by Andrea Macdonald (AB)

True musical joy could never have been possible for me without the Suzuki method.

I have always been musical. Growing up, I sang in choirs, in musical theatre, and in pop bands. I joined a Balinese gamelan where we learned entire concerts by heart. I memorized very quickly and retained very well. My ear was my superpower. I was the first person “off book” in choir and my friends delighted in my ability to name any popular song in the first note or two. But, I could not read music.

It wasn’t that I hadn’t tried. I’d taken piano and sight-singing lessons but these ended in frustration. When my husband, a professional musician, suggested I try a “one line” instrument I took up the recorder and fell in love with it. With only one stave to deal with, things improved somewhat. I joined a quartet and a large ensemble. My good ear served me well but I quickly hit a sight-reading wall. Despite help from my husband and years of faithful practice, I was frustrated and ashamed. It was emotionally difficult to practice and I felt stuck, always learning the notes and never getting a chance to work on the actual music.

Finally, at 52, I got some psycho-educational testing done and was diagnosed with ADHD and something called a “severe visual processing disorder”. I needed a different approach.

I didn’t think anyone would be willing to teach the Suzuki method to an adult but I found a wonderful teacher, Kathleen Schoen, in Alberta. We started lessons and I burned through Volume One on alto recorder in about two weeks, easily learning two to three songs per day. We added the soprano (recorder) book and I began working in both voices, on Volume Two.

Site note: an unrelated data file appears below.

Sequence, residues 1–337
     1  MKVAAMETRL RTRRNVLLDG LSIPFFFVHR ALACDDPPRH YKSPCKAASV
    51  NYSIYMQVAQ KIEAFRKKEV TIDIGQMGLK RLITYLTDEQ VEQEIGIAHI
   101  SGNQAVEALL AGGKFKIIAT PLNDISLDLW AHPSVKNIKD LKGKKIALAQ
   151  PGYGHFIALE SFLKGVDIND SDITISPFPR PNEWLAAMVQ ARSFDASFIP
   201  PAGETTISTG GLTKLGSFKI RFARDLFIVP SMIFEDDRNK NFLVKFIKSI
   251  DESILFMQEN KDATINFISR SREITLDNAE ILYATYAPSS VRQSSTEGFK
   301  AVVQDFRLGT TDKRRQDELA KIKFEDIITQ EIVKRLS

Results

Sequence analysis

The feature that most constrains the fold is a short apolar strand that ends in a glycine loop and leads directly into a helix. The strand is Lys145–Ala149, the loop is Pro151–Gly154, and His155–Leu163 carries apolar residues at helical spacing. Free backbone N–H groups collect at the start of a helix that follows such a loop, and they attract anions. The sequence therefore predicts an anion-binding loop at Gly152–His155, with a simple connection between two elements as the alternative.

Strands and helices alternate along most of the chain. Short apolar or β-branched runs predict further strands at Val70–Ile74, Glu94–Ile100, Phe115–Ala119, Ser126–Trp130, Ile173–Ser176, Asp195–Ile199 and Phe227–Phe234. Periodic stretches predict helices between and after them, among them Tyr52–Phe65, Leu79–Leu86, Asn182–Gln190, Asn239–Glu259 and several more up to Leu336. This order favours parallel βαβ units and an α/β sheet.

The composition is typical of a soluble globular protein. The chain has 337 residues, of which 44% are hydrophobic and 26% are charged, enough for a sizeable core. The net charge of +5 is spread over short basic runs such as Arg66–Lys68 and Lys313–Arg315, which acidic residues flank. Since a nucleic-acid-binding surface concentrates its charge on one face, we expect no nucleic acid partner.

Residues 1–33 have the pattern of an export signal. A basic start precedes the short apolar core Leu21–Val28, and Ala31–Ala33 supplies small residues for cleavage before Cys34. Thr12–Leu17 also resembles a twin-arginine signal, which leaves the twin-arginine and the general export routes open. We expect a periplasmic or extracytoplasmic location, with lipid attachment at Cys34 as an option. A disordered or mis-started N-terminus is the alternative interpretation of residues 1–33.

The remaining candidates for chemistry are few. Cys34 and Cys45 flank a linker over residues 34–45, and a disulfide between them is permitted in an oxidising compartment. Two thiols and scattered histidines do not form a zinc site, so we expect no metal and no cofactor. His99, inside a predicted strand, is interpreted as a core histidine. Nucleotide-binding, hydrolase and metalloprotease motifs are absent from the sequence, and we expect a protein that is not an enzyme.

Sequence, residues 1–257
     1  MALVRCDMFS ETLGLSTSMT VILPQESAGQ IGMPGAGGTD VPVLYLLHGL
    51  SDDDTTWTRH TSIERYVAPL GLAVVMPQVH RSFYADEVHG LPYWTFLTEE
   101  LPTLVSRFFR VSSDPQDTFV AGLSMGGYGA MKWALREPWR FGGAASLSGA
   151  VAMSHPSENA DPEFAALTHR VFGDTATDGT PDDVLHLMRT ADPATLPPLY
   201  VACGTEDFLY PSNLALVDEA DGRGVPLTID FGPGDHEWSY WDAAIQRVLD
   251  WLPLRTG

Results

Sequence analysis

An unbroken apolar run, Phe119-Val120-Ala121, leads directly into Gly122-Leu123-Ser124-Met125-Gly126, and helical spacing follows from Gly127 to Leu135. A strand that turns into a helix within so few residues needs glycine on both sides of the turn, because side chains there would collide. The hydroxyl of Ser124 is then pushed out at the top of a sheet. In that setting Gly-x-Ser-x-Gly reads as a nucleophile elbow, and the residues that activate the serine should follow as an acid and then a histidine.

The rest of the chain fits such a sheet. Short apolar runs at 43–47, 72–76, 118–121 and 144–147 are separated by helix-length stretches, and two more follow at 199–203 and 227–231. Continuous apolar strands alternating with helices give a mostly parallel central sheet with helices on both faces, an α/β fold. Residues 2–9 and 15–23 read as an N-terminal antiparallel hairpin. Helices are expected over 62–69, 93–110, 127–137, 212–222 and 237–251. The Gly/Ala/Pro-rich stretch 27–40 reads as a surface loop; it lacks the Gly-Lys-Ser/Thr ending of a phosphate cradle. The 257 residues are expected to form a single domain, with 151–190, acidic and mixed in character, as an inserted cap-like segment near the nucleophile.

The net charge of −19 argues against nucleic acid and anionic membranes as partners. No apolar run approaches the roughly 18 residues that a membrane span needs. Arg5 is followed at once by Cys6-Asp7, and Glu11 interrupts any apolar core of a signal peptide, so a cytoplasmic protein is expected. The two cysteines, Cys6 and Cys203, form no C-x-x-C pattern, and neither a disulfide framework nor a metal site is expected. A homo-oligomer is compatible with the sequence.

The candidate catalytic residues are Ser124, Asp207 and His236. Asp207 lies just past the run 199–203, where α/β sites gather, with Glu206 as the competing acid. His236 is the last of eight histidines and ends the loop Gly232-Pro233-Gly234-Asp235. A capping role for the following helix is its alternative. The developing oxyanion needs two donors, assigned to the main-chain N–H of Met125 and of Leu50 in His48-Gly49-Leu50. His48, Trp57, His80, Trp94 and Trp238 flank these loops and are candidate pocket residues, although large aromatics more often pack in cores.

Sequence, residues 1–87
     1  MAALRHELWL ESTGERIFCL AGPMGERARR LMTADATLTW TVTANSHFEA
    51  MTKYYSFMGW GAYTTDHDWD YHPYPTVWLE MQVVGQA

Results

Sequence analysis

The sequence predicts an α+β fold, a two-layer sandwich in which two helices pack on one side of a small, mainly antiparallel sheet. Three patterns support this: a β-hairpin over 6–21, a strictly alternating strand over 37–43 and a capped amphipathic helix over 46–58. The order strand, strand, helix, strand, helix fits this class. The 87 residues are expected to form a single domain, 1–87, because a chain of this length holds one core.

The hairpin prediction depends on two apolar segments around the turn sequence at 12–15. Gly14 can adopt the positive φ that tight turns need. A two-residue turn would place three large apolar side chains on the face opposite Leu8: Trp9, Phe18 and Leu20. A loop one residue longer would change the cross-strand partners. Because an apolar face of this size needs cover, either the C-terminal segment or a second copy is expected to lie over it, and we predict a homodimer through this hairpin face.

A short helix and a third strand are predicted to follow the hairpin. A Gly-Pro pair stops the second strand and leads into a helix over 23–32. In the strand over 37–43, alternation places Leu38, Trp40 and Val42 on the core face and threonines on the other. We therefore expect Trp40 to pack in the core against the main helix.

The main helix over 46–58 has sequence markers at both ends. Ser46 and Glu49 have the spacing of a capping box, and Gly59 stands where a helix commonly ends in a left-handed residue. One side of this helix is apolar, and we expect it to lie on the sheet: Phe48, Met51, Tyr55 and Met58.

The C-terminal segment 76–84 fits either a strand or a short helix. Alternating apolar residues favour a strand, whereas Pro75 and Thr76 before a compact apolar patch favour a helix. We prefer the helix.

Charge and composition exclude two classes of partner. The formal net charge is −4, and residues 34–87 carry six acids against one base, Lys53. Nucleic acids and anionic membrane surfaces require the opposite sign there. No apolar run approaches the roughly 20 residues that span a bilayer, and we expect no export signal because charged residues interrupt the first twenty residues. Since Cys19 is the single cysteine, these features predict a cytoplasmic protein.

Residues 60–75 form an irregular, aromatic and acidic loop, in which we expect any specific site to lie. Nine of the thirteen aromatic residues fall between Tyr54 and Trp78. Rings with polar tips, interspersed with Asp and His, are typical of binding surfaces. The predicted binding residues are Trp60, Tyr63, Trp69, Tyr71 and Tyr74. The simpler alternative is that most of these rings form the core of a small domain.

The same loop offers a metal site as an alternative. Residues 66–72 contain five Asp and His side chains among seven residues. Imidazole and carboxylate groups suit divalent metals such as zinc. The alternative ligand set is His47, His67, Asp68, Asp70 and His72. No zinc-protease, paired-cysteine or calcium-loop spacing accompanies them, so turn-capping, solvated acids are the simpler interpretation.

MacDonald—Canadian Newsletter Summer 2021

Here I received my first shock: one of the pieces (Bourrée from the Water Music Suite by G.F. Handel) was something I had just played with my large consort. How on earth could this be only Volume Two? But unlike before, I was not frustrated. I did not feel defeated.

I teach seniors how to use technology such as iPads and iPhones. I spend quite a bit of time building good foundations before moving on to higher concepts. I was extremely impressed with the layout and careful scaffolding of the Suzuki method, which had a logical and gentle progression.

The Suzuki method changed everything for me. Instead of dragging myself to the practice room to endure frustration and tears while trying to stay focused, I was now practicing for over an hour a day. My self-esteem soared! I was no longer dreaming of a future where I might one day be able to work on music that I loved. I was already doing it!

I highly recommend the Suzuki method to any adult interested in learning music. I just wish there was a place for adult Suzuki students to chat. Like the kids, we need peers to accompany us on the journey.